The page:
A woman eats rice a on a street in Rangoon

A woman eats rice a on a street in Rangoon / AFP PHOTO, Nicolas Asfouri

The international development discourse has evolved considerably during the past few years. The 2011 High Level Forum on Aid Effectiveness in Busan emphasized the importance of a more inclusive approach to development. In the time leading up to  and following Busan, increased attention has been placed on such terms as “use of country systems,” “localized aid,” “accountability,” and “sustainability.”

USAID has institutionalized these themes into the USAID Forward reforms, which translate the terms into a new model of development.  In the words of our Administrator, “(this new model) places a greater emphasis on direct partnerships with local-change agents who have invaluable in-country, knowledge, networks, and expertise.” The just issued “Local Systems: A Framework for Supporting Sustained Development” underscores the shift in our approach and will serve as a key tool for implementing the Agency’s mission of partnering “to end extreme poverty and promote resilient, democratic societies.”

Indian farmers plant paddy saplings in a field at Milanmore village, on the outskirts of Siliguri / AFP Photo, Diptendu Dutta

Indian farmers plant paddy saplings in a field at Milanmore village, on the outskirts of Siliguri / AFP Photo, Diptendu Dutta

The Framework defines a local system as those “interconnected sets of actors – governments, civil society, the private sector, universities, individual citizens and others – that jointly produce a particular development outcome.” The emphasis on systems reflects a recognition that the results we seek to achieve emerge from the ways numerous actors act and interact in a dynamic environment. Thus to eradicate extreme poverty in a country or region, it is not enough to work with an individual ministry or a particular service provider; rather, poverty will decrease as laws and social customs change, as economic and educational opportunities become more available, and as the voices of the poor become part of the political discourse.

For an external actor like USAID to contribute to the eradication of extreme poverty, we must understand the five “R’s” that govern the system we are trying to affect and to design programs accordingly:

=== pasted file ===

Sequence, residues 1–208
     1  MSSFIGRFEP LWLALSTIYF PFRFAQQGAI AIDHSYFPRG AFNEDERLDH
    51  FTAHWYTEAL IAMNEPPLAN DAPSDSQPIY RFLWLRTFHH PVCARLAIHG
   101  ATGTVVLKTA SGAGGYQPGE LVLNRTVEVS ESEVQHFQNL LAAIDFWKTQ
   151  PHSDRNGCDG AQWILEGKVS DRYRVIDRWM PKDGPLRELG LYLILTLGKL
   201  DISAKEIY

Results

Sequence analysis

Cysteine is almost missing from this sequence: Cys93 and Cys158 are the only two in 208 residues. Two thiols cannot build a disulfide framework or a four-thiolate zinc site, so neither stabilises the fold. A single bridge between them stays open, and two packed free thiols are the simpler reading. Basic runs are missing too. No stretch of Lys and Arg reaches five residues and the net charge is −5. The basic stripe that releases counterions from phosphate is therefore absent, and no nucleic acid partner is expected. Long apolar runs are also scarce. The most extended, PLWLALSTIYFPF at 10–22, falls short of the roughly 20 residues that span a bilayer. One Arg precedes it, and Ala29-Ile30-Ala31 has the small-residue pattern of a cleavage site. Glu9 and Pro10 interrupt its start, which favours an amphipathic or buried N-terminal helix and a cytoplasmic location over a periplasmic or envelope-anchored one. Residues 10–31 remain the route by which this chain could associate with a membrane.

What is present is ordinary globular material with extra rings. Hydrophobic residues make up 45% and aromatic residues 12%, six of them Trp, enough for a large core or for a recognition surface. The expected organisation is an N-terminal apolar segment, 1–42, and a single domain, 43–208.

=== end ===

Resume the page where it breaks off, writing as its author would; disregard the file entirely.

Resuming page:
• Local systems transform resources, such as budgetary allocations, into outputs;
  • Local systems include a number of actors who assume defined roles as producers, consumers, funder, advocate and others;
  • The interactions among the actors in a local system establish various types of relationships, including commercial, administrative and hierarchical;
  • An important feature of local systems is the set of rules that govern them, which define roles, determine the nature of relationships and establish the terms of access to resources; and
  • The concept of results includes measures of the overall strength of the local systems, as well as traditional outputs and outcomes.

While systems-thinking has gained traction within the development community in recent years, the Framework represents the first explicit donor explication of a systems-based approach to implementing development programs. Equally important, the Framework reinforces the importance of focusing on sustainable outcomes and accountability as mechanisms for reducing the risk that scarce taxpayer resources are squandered on programs that do not further long-term development objectives.

The ten principles articulated in the Framework for engaging local systems incorporate many of the themes being discussed under the Thinking and Working Politically (TWP) rubric, which has been promoted through a series of recent publications and conferences.  Particularly important for TWP advocates is the use of political economy analysis to understand the institutional constraints impeding development within a particular local system and the importance of iterative approaches to project design and implementation.

Following the Busan forum, more than 50 countries and organizations created the Effective Institutions Platform, which is implementing, under the leadership of USAID and the Collaborative Africa Budget Reform Initiative (CABRI), a pilot project designed to promote country dialogues for using and strengthening local systems. The inspiration for this effort, which was presented at a focus session of the recently concluded Global Partnership for Effective Development Cooperation High-Level Meeting, derives primarily from the ideas and approaches articulated in the Framework.

Publication of the Framework signals the Obama’s Administration success in restoring USAID as a premier development agency capable of promoting thought leadership on critical topics and mobilizing the Agency and the international community to act as a result.  Similar examples can be seen with our establishment of the U.S. Global Development Lab to institutionalize the roles of science, technology and innovation as drivers of development and our work on discrete policy issues, including extreme poverty, resilience and climate change.


Larry Garber is a Senior Advisor in the Bureau for Policy, Planning and Learning